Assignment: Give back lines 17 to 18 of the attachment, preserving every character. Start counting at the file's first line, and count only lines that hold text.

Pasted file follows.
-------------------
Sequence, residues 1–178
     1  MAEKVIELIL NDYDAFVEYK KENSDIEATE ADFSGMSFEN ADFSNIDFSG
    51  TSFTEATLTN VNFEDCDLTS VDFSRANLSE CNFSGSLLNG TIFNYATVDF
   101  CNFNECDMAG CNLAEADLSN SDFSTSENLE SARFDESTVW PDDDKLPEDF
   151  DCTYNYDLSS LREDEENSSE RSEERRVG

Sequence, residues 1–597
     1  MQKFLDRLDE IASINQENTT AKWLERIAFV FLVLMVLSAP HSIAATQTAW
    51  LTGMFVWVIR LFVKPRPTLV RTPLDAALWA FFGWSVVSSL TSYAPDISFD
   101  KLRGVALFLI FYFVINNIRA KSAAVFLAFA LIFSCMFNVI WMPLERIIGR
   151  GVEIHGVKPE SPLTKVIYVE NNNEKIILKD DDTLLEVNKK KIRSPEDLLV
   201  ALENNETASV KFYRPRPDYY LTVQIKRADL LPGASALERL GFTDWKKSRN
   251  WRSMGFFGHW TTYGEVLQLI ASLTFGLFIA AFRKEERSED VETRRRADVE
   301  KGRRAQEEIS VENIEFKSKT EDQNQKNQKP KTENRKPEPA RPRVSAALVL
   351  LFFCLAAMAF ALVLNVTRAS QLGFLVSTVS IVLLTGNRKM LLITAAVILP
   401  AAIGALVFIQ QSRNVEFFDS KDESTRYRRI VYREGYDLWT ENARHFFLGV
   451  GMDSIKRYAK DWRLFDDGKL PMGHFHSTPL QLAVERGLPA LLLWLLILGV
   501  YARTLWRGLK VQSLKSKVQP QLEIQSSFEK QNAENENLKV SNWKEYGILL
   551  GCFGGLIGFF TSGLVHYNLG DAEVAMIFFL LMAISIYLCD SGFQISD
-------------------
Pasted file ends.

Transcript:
   501  YARTLWRGLK VQSLKSKVQP QLEIQSSFEK QNAENENLKV SNWKEYGILL
   551  GCFGGLIGFF TSGLVHYNLG DAEVAMIFFL LMAISIYLCD SGFQISD